April 9, 2013

Dog Feelings: Do You Know Your Dog?

Filed under: Dog Behavior,dogs,Feelings — Tags: , , — Dr. Amber Reed @ 7:57 pm

dog facial expressions

If you’ve ever wondered what your canine friend was thinking and feeling, you could always turn to Cher for the answer. The crooner, who always claimed that the truth wasn’t in his eyes, could have been closer to reality the first time around. Although, we’d stay away from your dog’s kiss, that probably won’t reveal too much about his mood.

Well, okay, fine – you can give your pooch a kiss anyway. Because as a study published in the Behavioural Processes journal reported, us humans are pretty darn close to our pets. So close in fact, that we can even predict how they feel.

The study, led by Dr. Tina Bloom, involved asking participants to guess the emotions of a dog based off photos that they were shown. The dog in the photos was Mal, a Belgian Shepherd police dog. Mal was captured expressing happiness, sadness, surprise, disgust, fear and anger.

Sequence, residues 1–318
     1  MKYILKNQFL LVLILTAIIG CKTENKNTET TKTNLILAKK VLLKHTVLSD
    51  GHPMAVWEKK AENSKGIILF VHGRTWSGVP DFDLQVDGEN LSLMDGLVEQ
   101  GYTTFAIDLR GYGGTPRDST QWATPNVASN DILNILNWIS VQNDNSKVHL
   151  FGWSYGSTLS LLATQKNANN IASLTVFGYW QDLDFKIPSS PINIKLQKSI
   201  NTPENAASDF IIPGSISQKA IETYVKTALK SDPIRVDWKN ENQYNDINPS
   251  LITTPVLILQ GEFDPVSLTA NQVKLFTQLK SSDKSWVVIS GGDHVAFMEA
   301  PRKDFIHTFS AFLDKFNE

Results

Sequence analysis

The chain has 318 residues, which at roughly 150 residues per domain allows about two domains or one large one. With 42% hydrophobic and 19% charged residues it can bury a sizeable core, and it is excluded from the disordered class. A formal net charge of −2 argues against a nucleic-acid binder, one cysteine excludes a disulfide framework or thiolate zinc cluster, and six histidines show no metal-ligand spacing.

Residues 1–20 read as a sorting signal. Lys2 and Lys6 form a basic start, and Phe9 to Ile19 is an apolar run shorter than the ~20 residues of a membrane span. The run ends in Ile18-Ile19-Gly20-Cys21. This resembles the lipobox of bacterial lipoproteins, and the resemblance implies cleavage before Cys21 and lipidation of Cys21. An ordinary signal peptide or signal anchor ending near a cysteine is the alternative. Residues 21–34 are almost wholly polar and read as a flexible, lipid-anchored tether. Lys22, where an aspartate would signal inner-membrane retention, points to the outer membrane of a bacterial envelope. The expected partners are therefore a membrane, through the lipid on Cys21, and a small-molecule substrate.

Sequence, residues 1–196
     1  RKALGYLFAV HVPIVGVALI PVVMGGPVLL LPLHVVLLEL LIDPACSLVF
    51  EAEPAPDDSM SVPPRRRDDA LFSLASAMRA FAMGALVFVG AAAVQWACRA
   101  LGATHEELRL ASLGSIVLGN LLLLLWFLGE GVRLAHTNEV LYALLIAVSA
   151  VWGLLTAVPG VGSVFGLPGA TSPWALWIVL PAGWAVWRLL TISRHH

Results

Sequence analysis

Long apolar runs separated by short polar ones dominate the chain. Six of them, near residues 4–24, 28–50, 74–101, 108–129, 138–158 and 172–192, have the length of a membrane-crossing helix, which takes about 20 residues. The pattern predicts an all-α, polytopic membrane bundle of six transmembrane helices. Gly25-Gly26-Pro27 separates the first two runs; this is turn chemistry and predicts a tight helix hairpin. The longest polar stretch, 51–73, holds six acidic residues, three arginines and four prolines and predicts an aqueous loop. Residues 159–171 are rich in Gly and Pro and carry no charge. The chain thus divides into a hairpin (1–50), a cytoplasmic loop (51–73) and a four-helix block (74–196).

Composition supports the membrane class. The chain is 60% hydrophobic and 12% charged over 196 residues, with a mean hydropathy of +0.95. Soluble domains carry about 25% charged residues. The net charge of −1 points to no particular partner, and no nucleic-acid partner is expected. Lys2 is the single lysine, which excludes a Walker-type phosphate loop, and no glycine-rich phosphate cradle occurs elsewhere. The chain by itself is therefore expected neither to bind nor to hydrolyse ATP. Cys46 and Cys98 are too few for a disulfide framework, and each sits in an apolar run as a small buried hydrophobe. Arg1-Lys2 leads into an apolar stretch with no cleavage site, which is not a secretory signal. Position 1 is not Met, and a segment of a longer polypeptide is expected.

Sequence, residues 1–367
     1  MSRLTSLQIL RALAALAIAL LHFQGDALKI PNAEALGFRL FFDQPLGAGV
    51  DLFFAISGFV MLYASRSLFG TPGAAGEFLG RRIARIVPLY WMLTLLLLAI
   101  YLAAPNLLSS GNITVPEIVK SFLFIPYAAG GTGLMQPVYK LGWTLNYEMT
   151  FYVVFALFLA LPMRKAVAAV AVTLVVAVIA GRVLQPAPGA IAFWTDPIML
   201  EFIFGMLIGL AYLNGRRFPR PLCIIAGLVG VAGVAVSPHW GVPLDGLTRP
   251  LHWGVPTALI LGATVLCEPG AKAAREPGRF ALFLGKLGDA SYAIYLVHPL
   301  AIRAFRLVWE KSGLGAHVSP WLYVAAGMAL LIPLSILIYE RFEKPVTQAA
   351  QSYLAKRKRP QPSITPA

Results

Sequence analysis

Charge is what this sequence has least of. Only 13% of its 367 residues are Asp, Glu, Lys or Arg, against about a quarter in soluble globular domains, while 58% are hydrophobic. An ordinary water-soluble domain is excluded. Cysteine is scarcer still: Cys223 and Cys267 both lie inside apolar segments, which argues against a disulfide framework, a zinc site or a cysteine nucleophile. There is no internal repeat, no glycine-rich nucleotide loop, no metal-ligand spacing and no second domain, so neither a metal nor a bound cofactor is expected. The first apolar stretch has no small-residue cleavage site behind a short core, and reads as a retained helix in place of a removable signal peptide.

And while it might seem hard to recreate Mal’s emotions for photographs, researchers were actually very clever about it. To make Mal happy, they praised him. To make him sad, they reprimanded him. They surprised him with a jack-in-the-box, gave him medicine he didn’t like to disgust him, and showed him nail trimmers to make him feel fear. Finally, to get him to feel anger, one brave researcher dressed up and acted like a criminal.

The risk was worth it though. The photographs of Mal’s expressions were shown to 50 volunteers and what researchers discovered was incredible. According to the study results, humans can accurately determine a dog’s mood based solely off the dog’s facial expression.

This suggests, Dr. Bloom believes, that we are far closer to our furry friends in terms of emotional communication than we had originally thought. She also believes that the results showed that interpreting the emotion of dogs is an innate skill, rather than a learned one.